God is God, and we are not. God makes promises, and we break them. We do things that break God’s trust. Yet God keeps coming back to us. God sees us in all our human frailty and offers us abundant love. In this passage, Jeremiah invites us to remember the long, unfolding love story of God and God’s people. The Israelites, our ancestors, were slaves until the Lord led them to freedom. God gently took them by the hand, assuming the posture of husband. Think about wedding vows. It’s not just “I love you” or “I am in love with you” but “I promise to love you. No matter what.”
Yet the Israelites fell short. Freedom from slavery was not enough. Being taken by the hand was not enough. Being loved like a spouse was not enough. The Israelites broke the covenant. They worshiped other gods. They complained and got greedy. They forgot their history and their savior. It sounds too familiar doesn’t it? We fall short. What have we been complaining about? What have we been worshiping? What part of our history have we forgotten?
Broken promises hurt, creating distance between two parties, and requiring time to build up trust again. God could give up on us; yet God chooses healing, reconciliation, restoration, and love. When God makes covenants with us, it creates limitations on God’s power that allow for an authentic, loving relationship where we have agency. We are free to break God’s heart. God comes to us today, in all of our brokenness, and offers us promise. We belong. God is our God. We are God’s people. We can leave our complaining and greed at God’s feet and live into the joy of freedom. God is available to us to know and love.
God of unending love, thank you for your steadfast presence. Thank you for offering us freedom again and again. Help us to live into that freedom and to dwell in your love. Amen.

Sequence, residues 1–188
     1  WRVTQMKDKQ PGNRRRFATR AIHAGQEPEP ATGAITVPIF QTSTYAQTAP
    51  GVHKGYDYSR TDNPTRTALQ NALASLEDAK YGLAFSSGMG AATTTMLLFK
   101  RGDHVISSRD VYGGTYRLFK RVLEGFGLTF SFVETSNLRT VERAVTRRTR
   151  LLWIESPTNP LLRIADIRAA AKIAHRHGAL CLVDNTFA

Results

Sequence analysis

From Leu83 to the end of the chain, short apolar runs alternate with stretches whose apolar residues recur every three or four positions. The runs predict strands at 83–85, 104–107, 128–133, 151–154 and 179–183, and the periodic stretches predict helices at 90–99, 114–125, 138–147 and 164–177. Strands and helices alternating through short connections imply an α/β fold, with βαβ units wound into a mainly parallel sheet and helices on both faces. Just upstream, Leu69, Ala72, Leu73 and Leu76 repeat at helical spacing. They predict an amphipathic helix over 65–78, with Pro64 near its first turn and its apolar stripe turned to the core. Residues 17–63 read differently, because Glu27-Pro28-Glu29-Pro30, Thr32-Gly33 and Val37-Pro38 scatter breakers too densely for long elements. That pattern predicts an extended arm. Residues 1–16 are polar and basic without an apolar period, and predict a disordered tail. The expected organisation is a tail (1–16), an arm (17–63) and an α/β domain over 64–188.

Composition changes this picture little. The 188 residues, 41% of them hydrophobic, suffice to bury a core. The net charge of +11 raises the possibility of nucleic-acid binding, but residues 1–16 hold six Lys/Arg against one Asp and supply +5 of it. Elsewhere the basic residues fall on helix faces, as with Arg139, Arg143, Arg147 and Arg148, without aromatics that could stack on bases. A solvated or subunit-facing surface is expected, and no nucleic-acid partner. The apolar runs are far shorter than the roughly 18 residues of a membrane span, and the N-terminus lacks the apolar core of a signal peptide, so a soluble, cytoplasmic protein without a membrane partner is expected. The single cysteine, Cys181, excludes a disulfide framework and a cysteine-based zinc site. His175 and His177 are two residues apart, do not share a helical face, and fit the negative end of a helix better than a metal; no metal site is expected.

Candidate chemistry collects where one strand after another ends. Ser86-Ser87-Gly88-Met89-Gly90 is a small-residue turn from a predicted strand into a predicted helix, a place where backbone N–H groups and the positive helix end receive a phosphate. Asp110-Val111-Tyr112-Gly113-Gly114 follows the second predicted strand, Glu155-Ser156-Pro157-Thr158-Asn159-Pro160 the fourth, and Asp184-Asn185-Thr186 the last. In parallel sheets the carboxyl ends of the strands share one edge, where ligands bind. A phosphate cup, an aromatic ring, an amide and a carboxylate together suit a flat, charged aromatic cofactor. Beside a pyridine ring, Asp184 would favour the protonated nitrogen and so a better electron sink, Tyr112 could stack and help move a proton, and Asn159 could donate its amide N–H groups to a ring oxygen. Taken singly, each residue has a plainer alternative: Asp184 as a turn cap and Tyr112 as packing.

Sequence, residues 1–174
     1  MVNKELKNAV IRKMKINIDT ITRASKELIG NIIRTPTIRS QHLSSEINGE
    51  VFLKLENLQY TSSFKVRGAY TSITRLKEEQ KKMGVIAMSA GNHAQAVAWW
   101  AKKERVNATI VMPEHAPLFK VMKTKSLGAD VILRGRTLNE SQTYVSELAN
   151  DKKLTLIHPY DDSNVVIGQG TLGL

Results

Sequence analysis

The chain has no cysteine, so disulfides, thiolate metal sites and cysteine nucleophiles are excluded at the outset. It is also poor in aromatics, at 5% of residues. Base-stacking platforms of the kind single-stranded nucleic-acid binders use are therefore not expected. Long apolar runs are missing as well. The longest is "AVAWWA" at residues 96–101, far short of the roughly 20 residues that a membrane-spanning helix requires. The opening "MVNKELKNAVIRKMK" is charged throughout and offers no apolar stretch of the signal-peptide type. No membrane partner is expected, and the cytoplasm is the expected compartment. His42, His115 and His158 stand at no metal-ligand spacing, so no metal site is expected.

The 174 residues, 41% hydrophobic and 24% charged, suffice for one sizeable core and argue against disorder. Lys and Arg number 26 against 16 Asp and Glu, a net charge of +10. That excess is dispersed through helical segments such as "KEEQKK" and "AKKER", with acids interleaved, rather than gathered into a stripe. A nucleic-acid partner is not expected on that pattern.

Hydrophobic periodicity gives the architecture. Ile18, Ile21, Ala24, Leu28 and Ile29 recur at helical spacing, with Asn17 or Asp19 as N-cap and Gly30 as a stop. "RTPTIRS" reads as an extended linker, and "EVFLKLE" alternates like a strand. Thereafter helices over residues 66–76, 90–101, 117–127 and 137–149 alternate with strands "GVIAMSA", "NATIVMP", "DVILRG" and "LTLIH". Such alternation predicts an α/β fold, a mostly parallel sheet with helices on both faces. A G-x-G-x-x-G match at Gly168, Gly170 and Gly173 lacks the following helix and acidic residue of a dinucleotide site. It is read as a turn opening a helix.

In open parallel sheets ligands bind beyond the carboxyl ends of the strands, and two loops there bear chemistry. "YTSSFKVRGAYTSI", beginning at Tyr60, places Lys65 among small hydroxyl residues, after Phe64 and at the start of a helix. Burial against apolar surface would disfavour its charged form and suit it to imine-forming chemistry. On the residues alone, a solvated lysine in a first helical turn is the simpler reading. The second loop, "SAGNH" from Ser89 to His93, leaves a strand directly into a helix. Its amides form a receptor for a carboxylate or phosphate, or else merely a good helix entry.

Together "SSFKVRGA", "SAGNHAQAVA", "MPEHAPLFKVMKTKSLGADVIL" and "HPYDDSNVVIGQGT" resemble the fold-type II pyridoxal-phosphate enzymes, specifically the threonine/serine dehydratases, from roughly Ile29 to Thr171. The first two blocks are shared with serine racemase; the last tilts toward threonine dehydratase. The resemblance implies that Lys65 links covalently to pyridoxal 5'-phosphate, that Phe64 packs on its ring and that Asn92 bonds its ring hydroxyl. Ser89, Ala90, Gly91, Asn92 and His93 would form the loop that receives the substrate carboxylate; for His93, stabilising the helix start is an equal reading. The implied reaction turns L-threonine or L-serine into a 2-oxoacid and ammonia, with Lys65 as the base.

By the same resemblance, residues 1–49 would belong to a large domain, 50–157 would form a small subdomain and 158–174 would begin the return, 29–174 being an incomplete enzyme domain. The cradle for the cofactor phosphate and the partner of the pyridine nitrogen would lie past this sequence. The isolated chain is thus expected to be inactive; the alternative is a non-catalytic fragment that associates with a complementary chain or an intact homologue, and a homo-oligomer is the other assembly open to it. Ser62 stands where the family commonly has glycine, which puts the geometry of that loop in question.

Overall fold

We can maintain outward appearances for only so long. At some point what is in our hearts will come to the surface. God understands this, of course, which is the reason for the promise in Jeremiah. God promises a day when God’s law will no longer be an external standard that we are trying to follow but will be written on our hearts. In the aftermath of his sin with Bathsheba, David cries out in Psalm 51 for God’s forgiveness and a new heart. The New Testament readings begin to focus our minds toward the end of Jesus’ life. God’s transformative work comes at a cost to God through the death of his Son, who suffered in obedience but through his death was glorified.
Read Jeremiah 31:31-34. What are the covenant relationships in your life? How do you fulfill your part of the covenant with God?
Read Psalm 51:1-12. What are the things that clutter your heart, limiting your availability to fully love?
Read Hebrews 5:5-10. When have you offered your prayers “with loud cries and tears” as Jesus did? How does knowing Jesus’ vulnerability impact your life of faith?
Read John 12:20-33. How does this example of the grain of wheat help you to understand Jesus’ crucifixion and death?
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